But whatever else may be said about Germany, let this also be said: the Germans know how to do public transportation. We stood at the platform, expecting a train at 12:11. At 12:10, the train silently pulled up, the whoosh of air and the muffled beeping of the doors opening the only sound that alerted us that it had arrived. Tickets into the city cost two and a half euro, and then we were off. Inside the train, it was silent, and the only person speaking was a young boy, probably seven years old, who was whispering occasionally into his mother's ear. The train itself was, of course, silent and fast. In twenty minutes we were there, so we stepped off the train, walked 50 meters up the street, and arrived at where we were staying. It was, by FAR, the easiest, most efficient, and fastest travel we have experienced yet.
Our host was waiting inside to meet us.
Before I post the pictures of where we were staying, I should explain something: this is not the place we originally were going to stay. We had selected a nice little flat near the main train station in Dusseldorf, something small and tidy with a tiny kitchen. It was close to the city center, and above all, cheap. After confirming her availability and collecting her deposit, our host told us that she had made a mistake, and had already promised that room to two Chinese exchange students who had contacted her personally (not through AirBnB), and had mixed up the reservations due to their being in different systems. She offered to place us in her other property, a two-bedroom-full-kitchen-study-library-patio-living-room-dining-room space, for the same price.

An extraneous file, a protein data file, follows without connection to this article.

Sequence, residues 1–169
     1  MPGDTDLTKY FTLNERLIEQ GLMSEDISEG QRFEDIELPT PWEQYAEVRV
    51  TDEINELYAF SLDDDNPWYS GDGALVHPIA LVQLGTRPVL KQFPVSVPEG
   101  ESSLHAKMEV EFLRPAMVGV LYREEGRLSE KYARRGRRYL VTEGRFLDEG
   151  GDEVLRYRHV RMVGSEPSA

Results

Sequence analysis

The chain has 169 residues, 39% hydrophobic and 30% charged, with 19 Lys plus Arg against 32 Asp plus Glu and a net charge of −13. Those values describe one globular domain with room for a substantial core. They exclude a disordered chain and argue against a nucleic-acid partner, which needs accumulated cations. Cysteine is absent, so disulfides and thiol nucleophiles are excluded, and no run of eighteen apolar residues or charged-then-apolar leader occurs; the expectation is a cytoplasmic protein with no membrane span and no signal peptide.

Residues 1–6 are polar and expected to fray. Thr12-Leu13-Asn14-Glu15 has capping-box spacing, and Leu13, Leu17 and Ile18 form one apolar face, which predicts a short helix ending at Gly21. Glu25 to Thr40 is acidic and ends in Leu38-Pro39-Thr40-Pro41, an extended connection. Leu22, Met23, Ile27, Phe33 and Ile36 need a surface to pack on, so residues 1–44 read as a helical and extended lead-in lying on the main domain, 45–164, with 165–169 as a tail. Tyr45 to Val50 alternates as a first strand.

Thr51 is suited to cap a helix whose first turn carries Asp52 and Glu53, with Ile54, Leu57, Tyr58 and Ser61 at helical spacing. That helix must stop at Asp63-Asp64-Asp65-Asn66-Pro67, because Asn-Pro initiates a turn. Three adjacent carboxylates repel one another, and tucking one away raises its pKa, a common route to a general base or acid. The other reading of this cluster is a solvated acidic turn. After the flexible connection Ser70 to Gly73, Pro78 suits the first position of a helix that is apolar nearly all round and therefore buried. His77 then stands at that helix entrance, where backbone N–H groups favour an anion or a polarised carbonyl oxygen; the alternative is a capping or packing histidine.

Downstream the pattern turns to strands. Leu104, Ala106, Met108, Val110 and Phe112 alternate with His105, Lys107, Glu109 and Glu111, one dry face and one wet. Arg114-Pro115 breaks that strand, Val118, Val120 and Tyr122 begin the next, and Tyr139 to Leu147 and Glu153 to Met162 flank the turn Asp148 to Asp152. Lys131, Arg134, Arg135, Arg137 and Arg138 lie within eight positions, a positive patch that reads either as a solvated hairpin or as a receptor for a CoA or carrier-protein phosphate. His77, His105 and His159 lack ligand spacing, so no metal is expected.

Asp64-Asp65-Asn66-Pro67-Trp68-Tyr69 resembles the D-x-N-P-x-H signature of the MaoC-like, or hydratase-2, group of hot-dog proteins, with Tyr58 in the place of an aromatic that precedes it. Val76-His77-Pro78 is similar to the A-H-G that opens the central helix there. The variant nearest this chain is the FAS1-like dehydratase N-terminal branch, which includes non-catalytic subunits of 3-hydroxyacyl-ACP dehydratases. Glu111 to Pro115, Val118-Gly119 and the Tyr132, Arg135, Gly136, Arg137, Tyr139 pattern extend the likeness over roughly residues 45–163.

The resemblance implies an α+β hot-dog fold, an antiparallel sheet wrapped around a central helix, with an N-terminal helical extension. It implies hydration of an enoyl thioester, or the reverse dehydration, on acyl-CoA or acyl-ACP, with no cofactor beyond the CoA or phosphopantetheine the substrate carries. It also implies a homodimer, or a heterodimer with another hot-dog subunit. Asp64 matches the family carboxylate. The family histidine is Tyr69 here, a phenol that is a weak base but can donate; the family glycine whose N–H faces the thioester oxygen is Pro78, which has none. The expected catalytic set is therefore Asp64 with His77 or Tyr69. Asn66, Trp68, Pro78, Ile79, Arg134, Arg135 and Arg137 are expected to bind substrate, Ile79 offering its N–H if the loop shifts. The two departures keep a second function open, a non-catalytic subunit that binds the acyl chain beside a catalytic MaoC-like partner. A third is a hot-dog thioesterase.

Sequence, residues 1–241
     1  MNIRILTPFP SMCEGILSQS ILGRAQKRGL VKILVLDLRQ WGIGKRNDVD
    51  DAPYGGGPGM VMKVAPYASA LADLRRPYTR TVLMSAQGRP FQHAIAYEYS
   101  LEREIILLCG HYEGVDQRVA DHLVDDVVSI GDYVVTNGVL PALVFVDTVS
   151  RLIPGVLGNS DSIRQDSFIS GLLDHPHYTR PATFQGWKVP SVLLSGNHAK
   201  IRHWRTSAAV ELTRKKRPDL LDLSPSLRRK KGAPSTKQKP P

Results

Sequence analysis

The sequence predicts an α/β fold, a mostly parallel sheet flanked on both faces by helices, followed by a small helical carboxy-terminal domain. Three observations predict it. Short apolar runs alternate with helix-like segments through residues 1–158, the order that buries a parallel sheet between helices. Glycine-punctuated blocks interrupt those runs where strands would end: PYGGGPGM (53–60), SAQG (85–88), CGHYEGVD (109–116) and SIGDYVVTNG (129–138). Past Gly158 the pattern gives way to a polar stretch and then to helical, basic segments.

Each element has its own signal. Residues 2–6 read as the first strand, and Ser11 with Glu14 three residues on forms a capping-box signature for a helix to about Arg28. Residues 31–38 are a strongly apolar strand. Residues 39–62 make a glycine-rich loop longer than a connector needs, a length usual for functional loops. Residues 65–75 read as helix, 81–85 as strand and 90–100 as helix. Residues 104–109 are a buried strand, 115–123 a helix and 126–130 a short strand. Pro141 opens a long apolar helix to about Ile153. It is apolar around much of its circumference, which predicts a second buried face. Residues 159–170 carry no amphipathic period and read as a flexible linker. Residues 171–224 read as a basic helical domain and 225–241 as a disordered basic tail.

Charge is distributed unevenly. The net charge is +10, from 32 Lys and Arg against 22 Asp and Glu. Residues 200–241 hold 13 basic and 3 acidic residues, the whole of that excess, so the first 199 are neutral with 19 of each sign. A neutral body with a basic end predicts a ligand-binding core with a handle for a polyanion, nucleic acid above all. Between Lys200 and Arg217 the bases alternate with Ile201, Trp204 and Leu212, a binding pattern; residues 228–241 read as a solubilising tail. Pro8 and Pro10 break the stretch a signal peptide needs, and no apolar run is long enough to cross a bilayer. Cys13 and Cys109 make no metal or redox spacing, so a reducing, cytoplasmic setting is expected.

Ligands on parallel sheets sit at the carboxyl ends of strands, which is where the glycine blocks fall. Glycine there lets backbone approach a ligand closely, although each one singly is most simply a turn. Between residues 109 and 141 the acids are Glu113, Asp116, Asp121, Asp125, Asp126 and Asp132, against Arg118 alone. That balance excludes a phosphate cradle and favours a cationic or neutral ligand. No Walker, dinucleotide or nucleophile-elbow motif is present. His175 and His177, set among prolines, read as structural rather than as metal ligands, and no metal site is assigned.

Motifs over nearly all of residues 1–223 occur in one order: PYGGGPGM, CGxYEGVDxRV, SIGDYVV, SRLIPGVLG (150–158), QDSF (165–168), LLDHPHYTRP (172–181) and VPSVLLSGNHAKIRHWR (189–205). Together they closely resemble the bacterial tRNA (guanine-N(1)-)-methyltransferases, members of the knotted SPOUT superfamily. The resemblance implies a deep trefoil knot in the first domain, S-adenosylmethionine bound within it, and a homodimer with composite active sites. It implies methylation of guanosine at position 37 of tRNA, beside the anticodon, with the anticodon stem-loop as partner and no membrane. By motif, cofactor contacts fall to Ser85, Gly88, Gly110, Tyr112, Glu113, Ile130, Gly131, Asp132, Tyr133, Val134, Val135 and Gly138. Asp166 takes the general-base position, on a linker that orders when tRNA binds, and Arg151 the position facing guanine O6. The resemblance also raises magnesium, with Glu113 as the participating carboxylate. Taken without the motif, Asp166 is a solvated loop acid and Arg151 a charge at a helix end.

The same price? Nearby? Easy to get to? We said yes.
And this is what greeted us, when we came through the door, into the foyer, and looked left. That bottle there, on the table, is labeled "APOLLINARIS // the queen of table waters". I did not know they made water especially for tables, and this distressed me a little bit. To the right, out of the frame, is a strangely-placed TV. It is only watchable if you sit on the hideous loveseat and look so far to the left you are almost looking behind you, or if you are sitting sideways on the loveseat.
Through the first room was a study/library, stocked with random books that appeared to either be leather-bound tomes that contained census information or something equally boring, guides to every city in Germany except Dusseldorf, or New-Age crystal healing manuals. Wooden bowls with complimentary crystals broke the monotony of the books, which, strangely, were almost entirely in English.